Not going to lie I’m only 5 songs in but I get the jist. It’s a fun album that I’ll come back too but I’m too many days behind on this list. I remember this on the list of cool bands my older sister and city cousins listened to. And they have an oomlat like me so they’re basically family.
Ah the Du. Was ever such great songwriting let down by such awful production....oh guys you did it yourselves? Try and listen past the fact that the drums sound like they are made out of plastic, and there is no bass, to the late-period Du majesty. There are tunes that are catchy as hell (Could You Be The One, ice cold ice, She's A Woman), thrash outs (closer You Can Live At Home Now) and just plain weird (She Floated Away). A warehouse full of songs and stories.
A Friday night in late November 1995: Husker Du is gone for years now, but Grant Hart is still alive those days and giving a solo-concert in the Brouwershoeck. Next to a couple of busy "alternative rock" pubs where people are oblivious to the fact that a legend is playing next door. It is supposed to be a 2-person concert, but the other musician is ill. Hart is switching to guitar on this occasion and is just performing classic Husker Du songs by himself. A heckler in the 60-person audience is disrupting Girl Who Lives From Heaven Hill. Afterwards, Hart gets interviewed in the locker room, where we pick up our coats... ..not sure if any songs from that concert came from this pretty perfect, final HD album. The album is a far cry away from their initial hardcore work and contains a melodic mix of typical Hart / Mould songs, as always Hart songs being the best, but not by much: the overall quality is just very high. This is how guitar rock should sound. The album closes with what might be their strongest song: You Can Live at Home, a Grant Hart song, obviously..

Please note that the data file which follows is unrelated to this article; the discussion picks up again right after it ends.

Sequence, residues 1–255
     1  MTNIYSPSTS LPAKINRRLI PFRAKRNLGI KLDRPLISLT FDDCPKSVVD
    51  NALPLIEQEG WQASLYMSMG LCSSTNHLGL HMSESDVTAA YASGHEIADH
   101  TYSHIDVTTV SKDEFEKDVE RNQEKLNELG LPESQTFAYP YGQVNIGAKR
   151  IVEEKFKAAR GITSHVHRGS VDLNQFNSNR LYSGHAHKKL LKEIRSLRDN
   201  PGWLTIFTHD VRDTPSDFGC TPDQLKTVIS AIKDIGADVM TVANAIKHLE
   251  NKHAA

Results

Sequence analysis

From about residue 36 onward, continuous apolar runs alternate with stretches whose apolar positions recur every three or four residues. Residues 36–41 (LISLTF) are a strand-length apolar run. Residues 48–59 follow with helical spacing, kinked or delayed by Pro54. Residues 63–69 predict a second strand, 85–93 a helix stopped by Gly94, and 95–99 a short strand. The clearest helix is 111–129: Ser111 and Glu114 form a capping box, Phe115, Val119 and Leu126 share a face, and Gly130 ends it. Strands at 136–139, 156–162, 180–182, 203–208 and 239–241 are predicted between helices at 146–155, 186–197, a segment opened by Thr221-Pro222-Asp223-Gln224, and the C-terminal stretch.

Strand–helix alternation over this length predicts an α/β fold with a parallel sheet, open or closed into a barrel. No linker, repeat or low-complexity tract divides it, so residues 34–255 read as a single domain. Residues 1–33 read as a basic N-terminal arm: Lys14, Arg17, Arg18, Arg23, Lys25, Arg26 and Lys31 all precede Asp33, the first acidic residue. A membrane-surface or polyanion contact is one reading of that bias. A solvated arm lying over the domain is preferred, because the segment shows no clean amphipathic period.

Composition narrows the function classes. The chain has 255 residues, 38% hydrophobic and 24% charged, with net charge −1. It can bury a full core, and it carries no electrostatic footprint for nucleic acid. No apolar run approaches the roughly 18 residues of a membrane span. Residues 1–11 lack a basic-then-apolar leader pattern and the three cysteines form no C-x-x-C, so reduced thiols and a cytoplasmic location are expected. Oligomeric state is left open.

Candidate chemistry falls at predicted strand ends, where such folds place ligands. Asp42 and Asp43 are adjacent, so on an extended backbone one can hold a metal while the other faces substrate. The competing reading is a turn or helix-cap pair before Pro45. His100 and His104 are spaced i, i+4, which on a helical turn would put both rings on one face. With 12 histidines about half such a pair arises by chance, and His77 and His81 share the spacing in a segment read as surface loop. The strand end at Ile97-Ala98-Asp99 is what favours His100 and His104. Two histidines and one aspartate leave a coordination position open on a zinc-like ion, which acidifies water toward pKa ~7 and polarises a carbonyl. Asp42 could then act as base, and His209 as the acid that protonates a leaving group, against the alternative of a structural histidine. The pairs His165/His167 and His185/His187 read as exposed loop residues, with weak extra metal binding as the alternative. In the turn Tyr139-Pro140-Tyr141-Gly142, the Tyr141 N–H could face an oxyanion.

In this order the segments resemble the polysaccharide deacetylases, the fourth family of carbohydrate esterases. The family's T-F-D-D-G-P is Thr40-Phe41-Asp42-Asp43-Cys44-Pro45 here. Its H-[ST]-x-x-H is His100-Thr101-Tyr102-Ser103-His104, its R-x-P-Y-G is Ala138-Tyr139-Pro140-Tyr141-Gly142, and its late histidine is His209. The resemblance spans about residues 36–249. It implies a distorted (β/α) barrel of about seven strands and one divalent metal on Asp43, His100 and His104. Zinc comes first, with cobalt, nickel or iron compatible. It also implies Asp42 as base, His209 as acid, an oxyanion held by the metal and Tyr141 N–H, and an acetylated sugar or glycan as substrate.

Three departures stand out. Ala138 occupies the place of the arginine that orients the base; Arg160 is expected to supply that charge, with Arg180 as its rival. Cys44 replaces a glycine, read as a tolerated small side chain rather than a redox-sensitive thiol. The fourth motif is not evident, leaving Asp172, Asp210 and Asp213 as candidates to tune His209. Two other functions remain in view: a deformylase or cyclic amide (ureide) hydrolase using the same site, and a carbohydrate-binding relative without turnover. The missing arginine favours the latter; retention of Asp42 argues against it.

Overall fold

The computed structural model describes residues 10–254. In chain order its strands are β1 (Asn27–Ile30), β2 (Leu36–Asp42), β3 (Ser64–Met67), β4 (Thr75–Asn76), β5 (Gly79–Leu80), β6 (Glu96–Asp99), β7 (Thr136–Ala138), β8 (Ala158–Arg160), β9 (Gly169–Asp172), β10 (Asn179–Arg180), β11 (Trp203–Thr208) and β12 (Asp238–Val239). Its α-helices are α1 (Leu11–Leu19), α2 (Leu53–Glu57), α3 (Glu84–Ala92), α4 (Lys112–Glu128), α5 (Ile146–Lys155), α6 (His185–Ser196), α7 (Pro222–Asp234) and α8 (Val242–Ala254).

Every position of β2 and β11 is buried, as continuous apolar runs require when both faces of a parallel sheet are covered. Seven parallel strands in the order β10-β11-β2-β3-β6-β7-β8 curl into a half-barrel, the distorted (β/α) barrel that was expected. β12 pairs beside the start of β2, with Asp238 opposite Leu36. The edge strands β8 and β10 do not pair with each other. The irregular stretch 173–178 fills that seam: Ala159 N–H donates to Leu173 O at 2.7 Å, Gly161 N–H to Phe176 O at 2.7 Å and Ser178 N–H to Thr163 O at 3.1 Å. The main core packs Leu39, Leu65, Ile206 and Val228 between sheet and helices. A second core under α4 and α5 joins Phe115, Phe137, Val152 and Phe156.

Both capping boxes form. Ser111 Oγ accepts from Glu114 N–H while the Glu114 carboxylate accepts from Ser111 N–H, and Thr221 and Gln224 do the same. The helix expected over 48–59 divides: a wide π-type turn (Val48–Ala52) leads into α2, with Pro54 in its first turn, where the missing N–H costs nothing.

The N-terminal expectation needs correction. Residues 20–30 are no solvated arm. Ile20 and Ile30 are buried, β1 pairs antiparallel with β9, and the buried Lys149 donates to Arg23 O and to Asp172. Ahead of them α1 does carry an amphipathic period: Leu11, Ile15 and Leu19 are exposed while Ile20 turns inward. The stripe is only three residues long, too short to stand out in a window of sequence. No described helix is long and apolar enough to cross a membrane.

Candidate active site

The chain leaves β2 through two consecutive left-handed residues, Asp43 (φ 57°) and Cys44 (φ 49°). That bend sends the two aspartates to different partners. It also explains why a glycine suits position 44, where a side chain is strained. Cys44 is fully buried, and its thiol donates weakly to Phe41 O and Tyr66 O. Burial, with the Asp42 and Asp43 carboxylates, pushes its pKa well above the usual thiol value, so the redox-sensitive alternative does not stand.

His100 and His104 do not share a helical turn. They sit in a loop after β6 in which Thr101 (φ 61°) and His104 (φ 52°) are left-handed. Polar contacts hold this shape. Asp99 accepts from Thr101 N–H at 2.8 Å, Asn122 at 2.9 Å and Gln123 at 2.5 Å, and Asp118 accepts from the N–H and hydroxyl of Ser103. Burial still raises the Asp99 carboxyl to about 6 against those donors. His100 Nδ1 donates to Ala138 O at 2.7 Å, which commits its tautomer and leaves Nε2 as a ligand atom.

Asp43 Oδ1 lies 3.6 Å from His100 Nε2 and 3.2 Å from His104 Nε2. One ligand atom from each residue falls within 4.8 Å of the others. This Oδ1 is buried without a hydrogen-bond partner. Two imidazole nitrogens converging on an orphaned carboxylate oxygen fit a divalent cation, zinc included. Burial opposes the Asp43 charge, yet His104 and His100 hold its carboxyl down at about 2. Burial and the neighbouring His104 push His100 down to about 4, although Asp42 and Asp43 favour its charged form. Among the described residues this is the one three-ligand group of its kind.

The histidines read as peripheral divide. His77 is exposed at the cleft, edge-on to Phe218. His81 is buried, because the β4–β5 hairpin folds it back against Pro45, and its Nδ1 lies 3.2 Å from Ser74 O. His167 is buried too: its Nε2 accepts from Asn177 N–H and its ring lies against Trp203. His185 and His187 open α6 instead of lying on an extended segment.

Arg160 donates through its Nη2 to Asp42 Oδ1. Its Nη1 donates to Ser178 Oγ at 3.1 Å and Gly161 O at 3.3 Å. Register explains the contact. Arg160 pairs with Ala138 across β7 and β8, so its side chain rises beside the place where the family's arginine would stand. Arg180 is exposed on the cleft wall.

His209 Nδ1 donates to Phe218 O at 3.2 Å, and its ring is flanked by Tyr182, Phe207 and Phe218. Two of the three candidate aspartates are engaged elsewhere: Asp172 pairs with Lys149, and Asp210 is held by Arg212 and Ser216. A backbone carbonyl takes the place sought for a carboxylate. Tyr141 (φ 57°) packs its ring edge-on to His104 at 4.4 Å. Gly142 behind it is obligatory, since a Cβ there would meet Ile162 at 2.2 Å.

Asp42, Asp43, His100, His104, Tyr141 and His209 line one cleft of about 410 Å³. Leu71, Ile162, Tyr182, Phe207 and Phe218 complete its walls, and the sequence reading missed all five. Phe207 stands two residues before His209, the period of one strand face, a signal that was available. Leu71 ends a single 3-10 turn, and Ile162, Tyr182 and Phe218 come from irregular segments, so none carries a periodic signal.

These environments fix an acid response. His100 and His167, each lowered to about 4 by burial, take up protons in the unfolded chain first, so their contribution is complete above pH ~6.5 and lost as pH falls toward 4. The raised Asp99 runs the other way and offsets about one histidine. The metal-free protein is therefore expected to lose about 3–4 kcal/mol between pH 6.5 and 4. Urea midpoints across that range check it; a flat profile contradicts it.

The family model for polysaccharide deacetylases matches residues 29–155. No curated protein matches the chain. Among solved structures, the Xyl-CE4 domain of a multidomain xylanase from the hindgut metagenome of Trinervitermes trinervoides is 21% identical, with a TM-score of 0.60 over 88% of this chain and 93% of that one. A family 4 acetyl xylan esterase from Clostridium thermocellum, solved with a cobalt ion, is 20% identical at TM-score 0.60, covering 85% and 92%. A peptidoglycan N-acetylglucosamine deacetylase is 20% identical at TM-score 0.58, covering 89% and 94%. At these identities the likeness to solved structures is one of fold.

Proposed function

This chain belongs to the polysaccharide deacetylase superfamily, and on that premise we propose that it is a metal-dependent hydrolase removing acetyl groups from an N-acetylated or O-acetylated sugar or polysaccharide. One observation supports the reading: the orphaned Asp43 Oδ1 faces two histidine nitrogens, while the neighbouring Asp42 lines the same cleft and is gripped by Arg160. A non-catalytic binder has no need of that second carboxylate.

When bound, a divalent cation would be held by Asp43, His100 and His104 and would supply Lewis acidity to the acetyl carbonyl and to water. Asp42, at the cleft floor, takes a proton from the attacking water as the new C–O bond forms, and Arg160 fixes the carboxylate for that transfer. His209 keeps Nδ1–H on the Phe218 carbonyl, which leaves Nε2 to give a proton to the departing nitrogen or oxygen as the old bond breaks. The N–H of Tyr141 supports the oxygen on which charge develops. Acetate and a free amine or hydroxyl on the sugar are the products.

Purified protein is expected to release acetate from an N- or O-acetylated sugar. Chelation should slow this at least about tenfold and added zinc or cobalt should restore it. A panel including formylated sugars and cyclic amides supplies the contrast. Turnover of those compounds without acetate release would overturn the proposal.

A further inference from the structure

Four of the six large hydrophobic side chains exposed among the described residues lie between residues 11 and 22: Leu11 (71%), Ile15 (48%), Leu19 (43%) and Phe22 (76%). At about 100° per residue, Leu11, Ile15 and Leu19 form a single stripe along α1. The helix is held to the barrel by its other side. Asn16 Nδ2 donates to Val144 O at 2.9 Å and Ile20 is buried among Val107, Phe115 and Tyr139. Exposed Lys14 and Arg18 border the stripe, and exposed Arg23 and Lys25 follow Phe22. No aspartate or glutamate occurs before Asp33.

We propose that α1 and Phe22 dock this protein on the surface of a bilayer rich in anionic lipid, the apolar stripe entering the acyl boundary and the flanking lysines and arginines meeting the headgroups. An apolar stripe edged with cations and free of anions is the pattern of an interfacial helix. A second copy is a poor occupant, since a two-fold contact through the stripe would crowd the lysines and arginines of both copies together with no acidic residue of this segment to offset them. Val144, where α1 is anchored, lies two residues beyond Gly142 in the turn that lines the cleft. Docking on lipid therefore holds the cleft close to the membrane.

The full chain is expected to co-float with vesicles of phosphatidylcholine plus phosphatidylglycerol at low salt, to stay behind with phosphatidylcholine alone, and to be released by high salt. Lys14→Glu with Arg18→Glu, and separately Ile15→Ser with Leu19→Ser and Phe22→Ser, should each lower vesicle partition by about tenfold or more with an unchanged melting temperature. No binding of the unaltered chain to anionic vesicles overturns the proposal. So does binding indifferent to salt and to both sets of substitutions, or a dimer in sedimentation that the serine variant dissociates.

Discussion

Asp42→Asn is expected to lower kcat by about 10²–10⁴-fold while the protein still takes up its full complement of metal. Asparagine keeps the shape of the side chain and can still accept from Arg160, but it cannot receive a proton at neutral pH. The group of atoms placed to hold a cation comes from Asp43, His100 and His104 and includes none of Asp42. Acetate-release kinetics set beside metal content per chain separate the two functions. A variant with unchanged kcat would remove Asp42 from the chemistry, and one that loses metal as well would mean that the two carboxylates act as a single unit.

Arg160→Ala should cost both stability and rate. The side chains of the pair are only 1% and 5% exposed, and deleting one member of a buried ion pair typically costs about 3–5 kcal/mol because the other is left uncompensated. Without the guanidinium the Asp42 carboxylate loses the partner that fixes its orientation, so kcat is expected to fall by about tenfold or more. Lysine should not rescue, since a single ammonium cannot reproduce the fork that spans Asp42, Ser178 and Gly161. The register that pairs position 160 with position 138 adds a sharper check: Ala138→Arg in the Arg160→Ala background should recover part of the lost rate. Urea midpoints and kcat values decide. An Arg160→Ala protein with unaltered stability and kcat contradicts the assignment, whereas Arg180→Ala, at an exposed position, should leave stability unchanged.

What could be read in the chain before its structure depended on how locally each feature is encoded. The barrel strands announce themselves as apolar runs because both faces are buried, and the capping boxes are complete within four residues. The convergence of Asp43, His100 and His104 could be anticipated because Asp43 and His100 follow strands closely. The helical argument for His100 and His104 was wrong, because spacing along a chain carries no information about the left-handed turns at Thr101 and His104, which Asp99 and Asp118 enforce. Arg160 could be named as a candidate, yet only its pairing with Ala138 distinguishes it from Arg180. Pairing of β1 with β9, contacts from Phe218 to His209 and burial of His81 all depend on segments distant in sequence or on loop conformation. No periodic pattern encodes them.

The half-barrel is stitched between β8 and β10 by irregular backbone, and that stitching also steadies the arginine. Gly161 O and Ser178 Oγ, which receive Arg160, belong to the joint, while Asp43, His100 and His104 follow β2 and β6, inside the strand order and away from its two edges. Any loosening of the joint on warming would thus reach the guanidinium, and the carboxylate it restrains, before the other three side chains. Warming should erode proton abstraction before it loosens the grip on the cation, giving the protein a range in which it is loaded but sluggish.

I was expecting this to be dodgy dance music (not sure why) so I was happily surprised and enjoyed it.
Gave me some major R.E.M. vibes mixed with Barenaked Ladies. I actually really liked this alternative album a lot and didn’t feel like I was listening to the same song over and over on the album.
I had never heard of this band before. My first impression was that they sounded a little like REM, and perhaps some Definitely Maybe era Oasis. I read that they started out as a hardcore punk band and evolved to this indi rock style. I like this music and the style - has a good feel to it. I could imagine listening to this on a solo road trip, on the freeway. And I also think I would enjoy this music live.
Good alternative rock album. Reminiscent of other early alternative/indie bands- kind of like what you'd hear on a college rock station. Very good throughout, enjoyed listening to it- She Floated Away is a cool one that almost sounds like a sea shanty.
Hüsker Dü’s later work is straight alternative rock. It is highly layered both musically and vocally and is very melodic. I read that they are the main link between more simplistic and driving hardcore punk and the melodic college rock that would dominate in the 90s. I think this is the best way to describe the later part of their career. Though their hardcore roots are present, I can hear tinges of Barenaked Ladies and Hootie and the Blowfish here that point towards what would become college rock.
This is pretty good punk rock. It's not amateur hour screaming. It's actually good music. I can hear the basis for a lot of early 2000's alternative here. I wonder if they were inspiration for those musicians. I enjoyed this album.
Jangly melodic indie punk. I used to love this album, but I haven't listened to it in years and I was just disappointed and a bit bored this time round. It still has quite a few amazing tracks, but so many just sound the same.